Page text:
It was an easy decision. Should I stay in a high rise tower with a window view of the world, or take my friend’s job invitation to work every day on the ocean? Working in corporate America has many advantages, job security, health care benefits, paid vacation, a nice salary, and more. But when I started sitting in the bathtub every night wearing my mask, fins, and snorkel, my wife said it was time to change jobs and be a dive guide. I left an environment where people were unhappy, always striving to produce more, work harder, meet unrealistic goals for a work atmosphere where every day I met happy people. Divers who look forward to see sights most people in this world cannot even imagine. How do you compare anything to watching at 2am a 200 pound loggerhead turtle lug her body up on the sandy beach, spend an hour digging a nest, laying 200 eggs, then crawl back to the sea. How about coral spawning? Around midnight on a full moon in August seeing millions of BB size eggs being ejected out of star coral, floating to the surface and fish coming in to gorge themselves. Some people comment on the beauty of a blue sky. That is pale when descending into the depths of blue in the ocean. The shades turn darker and more vibrant in the depths. Once the ocean salt entered in my veins, I keep being called back like an outgoing tide.

When and why did you decided to write underwater mysteries?

I was told to write about what I know. But better advice, write about what you love. The ocean has me handcuffed to it. I feel at home in salty water. Ever since I was a kid pulling on my first set of fins, I loved to read mysteries. Thus the two just naturally formed.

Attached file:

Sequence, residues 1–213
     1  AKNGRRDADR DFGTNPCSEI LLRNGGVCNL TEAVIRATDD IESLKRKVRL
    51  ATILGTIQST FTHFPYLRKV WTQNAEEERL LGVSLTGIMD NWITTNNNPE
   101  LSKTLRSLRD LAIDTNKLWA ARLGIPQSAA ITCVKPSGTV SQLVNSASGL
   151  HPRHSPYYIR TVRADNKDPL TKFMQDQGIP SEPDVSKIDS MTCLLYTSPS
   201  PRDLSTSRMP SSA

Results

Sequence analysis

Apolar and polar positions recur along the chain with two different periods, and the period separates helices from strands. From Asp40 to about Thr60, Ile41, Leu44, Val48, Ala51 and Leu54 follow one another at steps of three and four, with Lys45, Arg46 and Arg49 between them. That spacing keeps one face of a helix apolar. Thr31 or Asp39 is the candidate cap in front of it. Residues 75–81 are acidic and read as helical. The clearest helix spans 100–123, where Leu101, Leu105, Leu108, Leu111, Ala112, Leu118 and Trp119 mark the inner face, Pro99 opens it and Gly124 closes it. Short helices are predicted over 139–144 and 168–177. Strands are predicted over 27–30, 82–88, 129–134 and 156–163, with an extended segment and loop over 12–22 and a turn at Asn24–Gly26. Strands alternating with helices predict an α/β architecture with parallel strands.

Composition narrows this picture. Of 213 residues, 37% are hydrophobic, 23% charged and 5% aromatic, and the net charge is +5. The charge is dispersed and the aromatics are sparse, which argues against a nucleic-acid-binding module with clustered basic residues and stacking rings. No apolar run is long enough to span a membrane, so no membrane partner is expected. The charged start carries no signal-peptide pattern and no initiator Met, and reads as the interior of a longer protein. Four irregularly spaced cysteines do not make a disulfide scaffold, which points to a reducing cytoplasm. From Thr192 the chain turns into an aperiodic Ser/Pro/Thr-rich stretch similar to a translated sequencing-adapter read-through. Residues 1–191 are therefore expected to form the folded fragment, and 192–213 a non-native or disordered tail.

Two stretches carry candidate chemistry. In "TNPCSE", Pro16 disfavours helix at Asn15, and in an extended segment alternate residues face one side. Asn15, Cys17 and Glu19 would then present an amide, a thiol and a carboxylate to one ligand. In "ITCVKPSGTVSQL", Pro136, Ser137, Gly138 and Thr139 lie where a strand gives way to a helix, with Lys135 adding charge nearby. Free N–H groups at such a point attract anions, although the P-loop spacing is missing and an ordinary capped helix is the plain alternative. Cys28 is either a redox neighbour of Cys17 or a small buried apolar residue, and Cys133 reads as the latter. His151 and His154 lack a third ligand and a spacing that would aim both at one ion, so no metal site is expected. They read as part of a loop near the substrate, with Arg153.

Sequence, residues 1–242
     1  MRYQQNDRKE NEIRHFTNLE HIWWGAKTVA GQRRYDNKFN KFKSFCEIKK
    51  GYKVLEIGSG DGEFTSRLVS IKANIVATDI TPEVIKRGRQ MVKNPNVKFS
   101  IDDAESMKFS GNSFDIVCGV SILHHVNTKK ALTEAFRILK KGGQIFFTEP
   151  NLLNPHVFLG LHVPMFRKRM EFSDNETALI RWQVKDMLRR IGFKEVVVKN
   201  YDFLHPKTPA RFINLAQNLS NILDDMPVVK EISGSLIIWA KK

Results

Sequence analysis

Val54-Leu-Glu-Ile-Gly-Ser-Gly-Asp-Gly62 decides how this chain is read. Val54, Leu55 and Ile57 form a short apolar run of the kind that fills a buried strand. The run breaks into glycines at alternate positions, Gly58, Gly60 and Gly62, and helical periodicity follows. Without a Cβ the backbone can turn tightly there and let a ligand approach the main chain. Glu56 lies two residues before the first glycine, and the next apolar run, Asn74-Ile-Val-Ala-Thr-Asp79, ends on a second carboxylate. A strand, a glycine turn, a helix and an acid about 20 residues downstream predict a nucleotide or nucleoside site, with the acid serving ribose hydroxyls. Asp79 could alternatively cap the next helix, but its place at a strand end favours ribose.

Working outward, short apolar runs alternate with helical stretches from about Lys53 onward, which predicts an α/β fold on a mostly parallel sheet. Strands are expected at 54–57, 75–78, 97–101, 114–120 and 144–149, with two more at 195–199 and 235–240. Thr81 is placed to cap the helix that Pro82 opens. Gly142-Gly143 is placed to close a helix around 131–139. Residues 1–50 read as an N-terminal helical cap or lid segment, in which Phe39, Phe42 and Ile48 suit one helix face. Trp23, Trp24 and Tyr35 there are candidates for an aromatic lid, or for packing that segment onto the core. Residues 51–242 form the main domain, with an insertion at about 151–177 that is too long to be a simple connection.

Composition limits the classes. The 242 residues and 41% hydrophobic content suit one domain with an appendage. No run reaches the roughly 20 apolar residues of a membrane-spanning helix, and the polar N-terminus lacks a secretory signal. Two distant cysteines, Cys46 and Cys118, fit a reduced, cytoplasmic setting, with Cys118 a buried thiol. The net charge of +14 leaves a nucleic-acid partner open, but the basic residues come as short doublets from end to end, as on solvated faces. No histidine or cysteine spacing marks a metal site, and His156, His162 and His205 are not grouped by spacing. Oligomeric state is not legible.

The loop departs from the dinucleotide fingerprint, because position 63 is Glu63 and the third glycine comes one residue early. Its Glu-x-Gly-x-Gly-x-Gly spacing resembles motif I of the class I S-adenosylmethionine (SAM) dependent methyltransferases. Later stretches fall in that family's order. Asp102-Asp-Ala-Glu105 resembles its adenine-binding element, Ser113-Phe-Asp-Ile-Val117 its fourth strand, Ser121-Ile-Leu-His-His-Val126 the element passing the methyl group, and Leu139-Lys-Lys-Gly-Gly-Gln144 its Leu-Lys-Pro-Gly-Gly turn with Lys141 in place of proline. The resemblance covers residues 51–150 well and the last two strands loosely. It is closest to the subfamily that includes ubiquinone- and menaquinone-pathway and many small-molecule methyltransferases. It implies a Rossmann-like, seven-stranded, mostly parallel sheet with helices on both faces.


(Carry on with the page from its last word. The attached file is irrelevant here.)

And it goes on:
Tell us about your protagonist .

Jesse Stoker is also a man who loves the ocean. The only thing he really wants to do in life is take people diving, show them the wonderful fish, and insure they have a great time. But he has demons. His wife disappeared in a scuba diving accident, the Coast Guard says her body descended into the depths and will never be found. Stoker holds himself accountable. Then a local radio personality goes missing from his boat on a night dive and it is up to him to find her and clear his name.

Your wife holds a 100-ton Coast Guard captain’s license? Please explain.

My wife, Kitty, the prettiest mermaid in the ocean, wanted to captain the dive boat we owned, while I dove with the guests. Out boat was big enough to hold 24 divers, which required her to have a 100 ton vs. a 50 ton license.

Thank you, Jeff.

You learn more about Jeffrey Phillips at his website:, his blogsite: and his Facebook page. He says, "I’m the one standing on the stern of a boat in front of a yellow shark cage cutting bait. Please 'friend' me.'" You can also find him at GoodReads, MurderMustAdvertise, Coral-reefs, Flsnorkeladdicts, Floridascubadiving and Scubadiving2.

Saturday, September 12, 2015

Writing a Series

After you write that standalone novel, your publisher may suggest that it become a series. So it’s important that you like your protagonist(s) and want to continue writing about them. Agatha Christie grew tired of writing about Hercule Poirot and wanted to kill him off, just as Conan Doyle attempted to rid himself of Sherlock Holmes.